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Woonsocket track standout Fugere reflects on ride that resulted in scholarship to Northeastern

January 26, 2014

Woonsocket High senior Connor Fugere, shown heaving the shot put during a recent meet at the Providence Career & Technical Academy field house, accepted a track scholarship late last month to Northeastern University. PHOTO BY ERNEST A. BROWN

WOONSOCKET — A tremendous weight has been lifted from Connor Fugere’s broad and strapping shoulders.

The Woonsocket High senior is viewed as one of the best on the Rhode Island track and field circuit at heaving objects such as the shot put, 25-pound weight throw, and hammer a very long way. His appearance on the U.S. High School Weight Throw Performance List that was released last Wednesday backs up such a claim.

Given the specifics of Fugere’s craft, it seems appropriate to link the early-morning summer training sessions spent under the guiding hand of Marc Piette with the rite of passage that every 12th grader with designs of attending college goes through.

At a time when seniors anxiously await “yea” or “nay” decisions from the admissions department, Fugere is completely worry-free regarding his post-graduation plans.

His future became secure shortly before Christmas when the 17-year-old accepted a track scholarship to Northeastern University. The only item of business remaining is to sign a national letter of intent, which Fugere plans to take care of when the calendar officially flips to February.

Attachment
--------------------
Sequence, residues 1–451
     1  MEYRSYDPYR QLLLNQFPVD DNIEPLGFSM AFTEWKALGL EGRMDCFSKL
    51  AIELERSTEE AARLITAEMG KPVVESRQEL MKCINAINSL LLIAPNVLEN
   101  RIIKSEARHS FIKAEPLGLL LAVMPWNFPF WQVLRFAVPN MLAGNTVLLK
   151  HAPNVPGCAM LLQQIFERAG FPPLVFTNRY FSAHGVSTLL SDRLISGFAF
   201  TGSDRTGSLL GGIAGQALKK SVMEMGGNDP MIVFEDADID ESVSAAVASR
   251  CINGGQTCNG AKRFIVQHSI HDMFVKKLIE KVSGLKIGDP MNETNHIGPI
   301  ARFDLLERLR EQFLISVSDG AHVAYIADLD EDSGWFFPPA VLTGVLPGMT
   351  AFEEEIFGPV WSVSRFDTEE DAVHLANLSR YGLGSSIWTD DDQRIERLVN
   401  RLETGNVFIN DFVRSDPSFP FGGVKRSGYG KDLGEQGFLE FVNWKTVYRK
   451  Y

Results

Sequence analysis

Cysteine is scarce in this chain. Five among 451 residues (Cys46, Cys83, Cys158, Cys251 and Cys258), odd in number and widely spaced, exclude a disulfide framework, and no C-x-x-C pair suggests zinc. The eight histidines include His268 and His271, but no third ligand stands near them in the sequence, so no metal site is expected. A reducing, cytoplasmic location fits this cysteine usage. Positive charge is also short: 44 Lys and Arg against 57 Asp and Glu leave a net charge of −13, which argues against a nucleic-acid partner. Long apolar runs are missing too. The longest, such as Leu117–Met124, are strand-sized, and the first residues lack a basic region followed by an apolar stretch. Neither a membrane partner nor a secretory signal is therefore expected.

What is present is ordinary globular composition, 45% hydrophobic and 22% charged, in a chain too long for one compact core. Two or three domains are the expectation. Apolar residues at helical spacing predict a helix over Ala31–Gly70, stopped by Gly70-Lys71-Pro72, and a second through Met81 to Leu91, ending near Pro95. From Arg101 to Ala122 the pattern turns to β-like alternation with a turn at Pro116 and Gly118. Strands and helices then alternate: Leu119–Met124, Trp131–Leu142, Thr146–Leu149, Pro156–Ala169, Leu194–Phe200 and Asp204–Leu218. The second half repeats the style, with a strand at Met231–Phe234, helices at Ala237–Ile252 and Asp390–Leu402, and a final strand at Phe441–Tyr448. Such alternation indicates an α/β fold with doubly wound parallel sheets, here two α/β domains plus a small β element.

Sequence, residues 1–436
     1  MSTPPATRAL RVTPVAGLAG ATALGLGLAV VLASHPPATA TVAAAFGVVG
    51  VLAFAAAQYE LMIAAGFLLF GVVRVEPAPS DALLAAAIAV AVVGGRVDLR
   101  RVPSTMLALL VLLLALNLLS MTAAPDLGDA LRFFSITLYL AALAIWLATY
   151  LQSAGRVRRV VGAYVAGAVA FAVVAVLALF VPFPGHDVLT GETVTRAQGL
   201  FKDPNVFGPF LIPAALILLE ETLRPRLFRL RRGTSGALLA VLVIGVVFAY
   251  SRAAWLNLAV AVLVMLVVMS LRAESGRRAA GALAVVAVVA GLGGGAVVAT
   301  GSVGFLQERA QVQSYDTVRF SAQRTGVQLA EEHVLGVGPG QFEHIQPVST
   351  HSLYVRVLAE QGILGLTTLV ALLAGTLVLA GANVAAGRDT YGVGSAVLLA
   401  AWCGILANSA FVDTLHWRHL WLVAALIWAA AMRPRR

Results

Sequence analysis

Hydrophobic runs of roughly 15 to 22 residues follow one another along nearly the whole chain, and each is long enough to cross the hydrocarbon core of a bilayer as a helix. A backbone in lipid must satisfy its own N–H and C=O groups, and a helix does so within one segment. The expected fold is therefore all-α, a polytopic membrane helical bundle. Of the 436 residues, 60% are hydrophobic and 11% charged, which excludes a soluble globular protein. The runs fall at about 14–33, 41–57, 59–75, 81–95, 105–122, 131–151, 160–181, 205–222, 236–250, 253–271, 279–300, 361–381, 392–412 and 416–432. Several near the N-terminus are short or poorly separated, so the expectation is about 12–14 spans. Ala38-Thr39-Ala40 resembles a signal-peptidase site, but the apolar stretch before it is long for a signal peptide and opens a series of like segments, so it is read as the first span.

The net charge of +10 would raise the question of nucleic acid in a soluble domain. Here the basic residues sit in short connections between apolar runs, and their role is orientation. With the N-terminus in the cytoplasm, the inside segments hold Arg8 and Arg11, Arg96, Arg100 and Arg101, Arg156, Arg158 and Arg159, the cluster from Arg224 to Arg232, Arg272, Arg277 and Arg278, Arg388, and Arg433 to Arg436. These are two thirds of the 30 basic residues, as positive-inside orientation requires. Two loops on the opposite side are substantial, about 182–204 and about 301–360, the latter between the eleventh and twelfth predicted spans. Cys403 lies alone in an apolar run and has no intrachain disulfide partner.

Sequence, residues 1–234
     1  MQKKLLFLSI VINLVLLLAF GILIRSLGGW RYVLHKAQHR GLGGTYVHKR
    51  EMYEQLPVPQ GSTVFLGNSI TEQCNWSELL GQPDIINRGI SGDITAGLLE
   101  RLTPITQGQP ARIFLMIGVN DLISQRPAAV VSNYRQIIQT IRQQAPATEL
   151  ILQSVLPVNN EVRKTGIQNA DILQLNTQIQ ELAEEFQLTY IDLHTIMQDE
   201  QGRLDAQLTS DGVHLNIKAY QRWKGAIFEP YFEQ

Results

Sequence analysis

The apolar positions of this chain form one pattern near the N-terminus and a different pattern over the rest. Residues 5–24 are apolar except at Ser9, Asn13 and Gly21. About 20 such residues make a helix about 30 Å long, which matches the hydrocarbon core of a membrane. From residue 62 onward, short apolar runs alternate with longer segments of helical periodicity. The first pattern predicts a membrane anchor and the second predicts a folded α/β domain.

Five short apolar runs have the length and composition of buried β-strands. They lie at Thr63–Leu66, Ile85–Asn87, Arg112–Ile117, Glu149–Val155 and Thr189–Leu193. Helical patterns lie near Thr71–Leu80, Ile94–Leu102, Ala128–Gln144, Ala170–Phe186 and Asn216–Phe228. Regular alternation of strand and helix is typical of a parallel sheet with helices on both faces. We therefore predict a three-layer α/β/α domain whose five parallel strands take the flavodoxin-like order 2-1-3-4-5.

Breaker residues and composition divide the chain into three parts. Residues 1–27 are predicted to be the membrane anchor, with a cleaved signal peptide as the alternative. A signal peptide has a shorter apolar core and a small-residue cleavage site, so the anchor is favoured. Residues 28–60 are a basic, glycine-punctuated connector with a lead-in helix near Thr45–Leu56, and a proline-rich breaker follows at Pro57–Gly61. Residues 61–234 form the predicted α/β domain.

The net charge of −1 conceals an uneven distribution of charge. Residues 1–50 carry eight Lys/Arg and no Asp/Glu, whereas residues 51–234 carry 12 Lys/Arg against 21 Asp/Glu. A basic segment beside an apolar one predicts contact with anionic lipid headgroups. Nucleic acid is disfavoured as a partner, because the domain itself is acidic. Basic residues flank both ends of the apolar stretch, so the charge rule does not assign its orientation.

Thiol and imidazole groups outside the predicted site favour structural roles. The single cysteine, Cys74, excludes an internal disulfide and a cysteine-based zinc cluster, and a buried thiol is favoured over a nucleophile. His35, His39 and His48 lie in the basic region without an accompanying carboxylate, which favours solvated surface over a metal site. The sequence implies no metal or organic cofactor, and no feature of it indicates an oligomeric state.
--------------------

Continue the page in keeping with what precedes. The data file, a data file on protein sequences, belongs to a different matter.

What has all the trappings of a happy ending, that of a youngster learning that the college he had his heart set on attending reciprocated in kind, Fugere can now look back at the countless hours he spent chiseling his physique and honing his throwing techniques and reflect on what a ride it was.

“You hear about kids who are recruited. Colleges say they want you. They throw out a number and either you accept, decline or negotiate. It’s not that simple, at least with track it isn’t. You’ve got to make yourself known,” Fugere explained during a recent respite from practice at Saravia Gymnasium. “I knew I loved Northeastern out of all the colleges I talked to. I didn’t go deep in the process with the other schools because I knew I wanted to go there.

“It’s a lot of head games. We got to the point where we ready to be done with the process. It’s a little bit draining on the family,” Fugere continued.

In essence, all of Fugere’s eggs were placed in one basket. What was going to make or break his decision to become a Husky boiled down to one crucial piece: The scholarship package submitted by the Boston-based school.

“The weeks leading up to the numbers were more stressful. My parents and I felt, ‘What happens if they don’t throw out a number I like?’ Northeastern was the only college I pursued to the fullest extent. If everything falls through, I’m in trouble,” was Fugere’s rationale as he looked back at a situation that along some levels is no different than his classmates waiting for response letters.

After a few days of deliberating, the brother of former Woonsocket High girls’ basketball standout Kailey Fugere (Class of 2012) felt comfortable enough to end his college search.

“We were happy with the offer and decided to accept,” smiled Connor Fugere.

“Connor is a fantastic kid. I just can’t speak enough about him,” said Piette, both the head coach of the Woonsocket’s girls’ indoor track program and mentor to Novan throwers of both genders.